On one day in February, SFACC rescued 27 domesticated birds: King pigeons, Japanese Button Quail, and an assortment of other types of pigeons from Golden Gate Park. Because of the number and variety of birds, it’s likely that someone bought them at a live market and thought they were saving them by releasing them in the park. But in truth, setting them free condemns the birds to a slow death by starvation or a cruel one by predators.

Deb Campbell, Volunteer & Outreach Coordinator for SFACC recommends bringing such birds to SFACC, especially birds that can’t fly: “A word to the wise… Don’t release domesticated animals and expect them to fend for themselves. Good intentions can go awry. Especially with living creatures that are unable to defend themselves from predators (including cars…) and find food/water when they have no experience doing so.”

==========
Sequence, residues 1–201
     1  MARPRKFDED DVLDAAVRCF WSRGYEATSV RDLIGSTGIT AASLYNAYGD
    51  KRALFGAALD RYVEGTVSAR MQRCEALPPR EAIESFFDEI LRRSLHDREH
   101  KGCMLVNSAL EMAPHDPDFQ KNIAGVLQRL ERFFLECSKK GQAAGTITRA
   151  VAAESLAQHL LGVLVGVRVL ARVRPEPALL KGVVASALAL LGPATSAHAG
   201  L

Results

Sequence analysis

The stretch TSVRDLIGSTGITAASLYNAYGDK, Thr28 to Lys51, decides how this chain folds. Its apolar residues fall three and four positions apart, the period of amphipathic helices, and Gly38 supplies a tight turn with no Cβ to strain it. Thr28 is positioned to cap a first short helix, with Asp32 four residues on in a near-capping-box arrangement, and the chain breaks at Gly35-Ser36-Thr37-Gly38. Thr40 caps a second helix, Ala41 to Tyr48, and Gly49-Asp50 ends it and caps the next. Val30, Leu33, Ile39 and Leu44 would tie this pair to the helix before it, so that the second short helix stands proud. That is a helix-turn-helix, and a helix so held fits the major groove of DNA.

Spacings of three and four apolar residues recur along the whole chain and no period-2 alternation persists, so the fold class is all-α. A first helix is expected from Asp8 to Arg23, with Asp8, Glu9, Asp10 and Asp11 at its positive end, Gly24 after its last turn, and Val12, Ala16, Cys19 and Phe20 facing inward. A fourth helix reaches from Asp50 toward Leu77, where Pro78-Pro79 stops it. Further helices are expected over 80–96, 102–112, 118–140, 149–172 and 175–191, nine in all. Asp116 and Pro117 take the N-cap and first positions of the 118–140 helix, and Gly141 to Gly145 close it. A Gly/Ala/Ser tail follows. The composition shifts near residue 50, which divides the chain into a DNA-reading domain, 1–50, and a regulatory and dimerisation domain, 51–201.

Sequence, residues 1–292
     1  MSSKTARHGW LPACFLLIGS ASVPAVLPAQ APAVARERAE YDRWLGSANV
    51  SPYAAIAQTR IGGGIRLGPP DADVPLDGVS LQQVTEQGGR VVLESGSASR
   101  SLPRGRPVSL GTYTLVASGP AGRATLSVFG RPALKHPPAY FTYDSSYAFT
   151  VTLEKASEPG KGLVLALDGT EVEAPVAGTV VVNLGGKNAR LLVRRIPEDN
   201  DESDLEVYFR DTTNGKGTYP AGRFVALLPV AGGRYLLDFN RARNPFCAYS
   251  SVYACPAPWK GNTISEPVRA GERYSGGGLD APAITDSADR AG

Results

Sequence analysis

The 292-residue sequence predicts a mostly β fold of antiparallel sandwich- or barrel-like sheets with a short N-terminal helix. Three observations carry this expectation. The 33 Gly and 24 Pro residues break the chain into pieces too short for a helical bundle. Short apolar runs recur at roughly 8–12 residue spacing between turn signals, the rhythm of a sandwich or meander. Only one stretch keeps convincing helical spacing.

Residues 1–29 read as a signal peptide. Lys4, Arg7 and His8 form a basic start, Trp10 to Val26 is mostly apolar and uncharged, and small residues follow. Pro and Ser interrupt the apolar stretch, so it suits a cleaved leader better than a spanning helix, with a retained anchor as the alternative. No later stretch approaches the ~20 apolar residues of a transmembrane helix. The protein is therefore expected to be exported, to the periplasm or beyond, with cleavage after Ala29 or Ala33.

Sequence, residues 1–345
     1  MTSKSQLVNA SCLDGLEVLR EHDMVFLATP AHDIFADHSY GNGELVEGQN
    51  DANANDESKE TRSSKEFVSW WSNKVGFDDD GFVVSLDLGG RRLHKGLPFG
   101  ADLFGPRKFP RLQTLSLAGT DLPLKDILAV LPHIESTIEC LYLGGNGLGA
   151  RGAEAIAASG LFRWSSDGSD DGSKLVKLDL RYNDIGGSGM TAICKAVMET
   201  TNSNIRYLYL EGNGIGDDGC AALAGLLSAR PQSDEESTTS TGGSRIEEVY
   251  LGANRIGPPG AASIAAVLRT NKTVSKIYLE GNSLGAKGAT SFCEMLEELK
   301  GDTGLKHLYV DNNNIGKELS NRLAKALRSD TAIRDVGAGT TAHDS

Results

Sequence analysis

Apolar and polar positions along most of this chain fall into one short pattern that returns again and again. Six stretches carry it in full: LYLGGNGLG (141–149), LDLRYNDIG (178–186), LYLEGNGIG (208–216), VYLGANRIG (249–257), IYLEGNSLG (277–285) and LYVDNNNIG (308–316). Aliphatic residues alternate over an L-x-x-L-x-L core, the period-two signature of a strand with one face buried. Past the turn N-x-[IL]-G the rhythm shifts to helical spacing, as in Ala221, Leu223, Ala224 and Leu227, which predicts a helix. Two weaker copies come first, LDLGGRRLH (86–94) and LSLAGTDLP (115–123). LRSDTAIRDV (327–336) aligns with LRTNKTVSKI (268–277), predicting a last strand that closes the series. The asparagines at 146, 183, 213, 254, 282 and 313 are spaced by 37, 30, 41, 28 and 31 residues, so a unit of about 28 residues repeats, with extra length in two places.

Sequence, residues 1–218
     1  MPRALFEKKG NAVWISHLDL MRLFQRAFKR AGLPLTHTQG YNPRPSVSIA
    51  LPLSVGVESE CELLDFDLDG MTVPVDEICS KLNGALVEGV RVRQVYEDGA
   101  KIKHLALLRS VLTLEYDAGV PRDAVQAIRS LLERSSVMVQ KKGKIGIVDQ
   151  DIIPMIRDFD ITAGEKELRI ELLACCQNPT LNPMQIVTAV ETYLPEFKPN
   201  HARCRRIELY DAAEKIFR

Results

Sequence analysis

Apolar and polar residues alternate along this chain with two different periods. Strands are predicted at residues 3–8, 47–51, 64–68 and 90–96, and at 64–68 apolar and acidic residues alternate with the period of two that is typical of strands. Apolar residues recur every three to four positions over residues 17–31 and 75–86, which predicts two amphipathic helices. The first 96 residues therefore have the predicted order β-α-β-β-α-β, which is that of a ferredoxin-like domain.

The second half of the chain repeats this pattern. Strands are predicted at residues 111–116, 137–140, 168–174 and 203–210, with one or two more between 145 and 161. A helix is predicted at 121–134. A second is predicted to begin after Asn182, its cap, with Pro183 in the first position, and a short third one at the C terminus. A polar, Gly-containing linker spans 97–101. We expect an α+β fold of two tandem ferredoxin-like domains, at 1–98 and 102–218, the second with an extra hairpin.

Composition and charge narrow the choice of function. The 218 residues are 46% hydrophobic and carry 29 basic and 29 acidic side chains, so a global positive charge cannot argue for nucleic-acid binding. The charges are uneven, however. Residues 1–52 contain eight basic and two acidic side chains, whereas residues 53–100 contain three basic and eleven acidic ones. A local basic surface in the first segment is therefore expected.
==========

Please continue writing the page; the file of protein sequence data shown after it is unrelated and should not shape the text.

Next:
Releasing non-native species into the wild is also bad for native critters and can result in non-native species infestations, like the red-eared slider turtle, which competes for food and territory with the western pond turtle (a native). Red-eared sliders are popular pets and sold in pet stores, but are often released into public ponds (like Stowe Lake in GGPark) when they get too big to handle or their owners don’t want them anymore.

Back to the birds. Says Deb C. “King pigeons don’t fly well (if at all). They’re primarily bred for food.If someone sees any bird that can’t fly, they should call us or better yet–try and safely contain the bird and bring it to SFACC. We can sometimes trace companion birds, homing pigeons and raptors through bands. …As an open admission animal shelter, Animal Care & Control takes in animals of all species, and works with groups like Palomacy Pigeon & Dove Adoptions to keep them safe. So bring them to us.”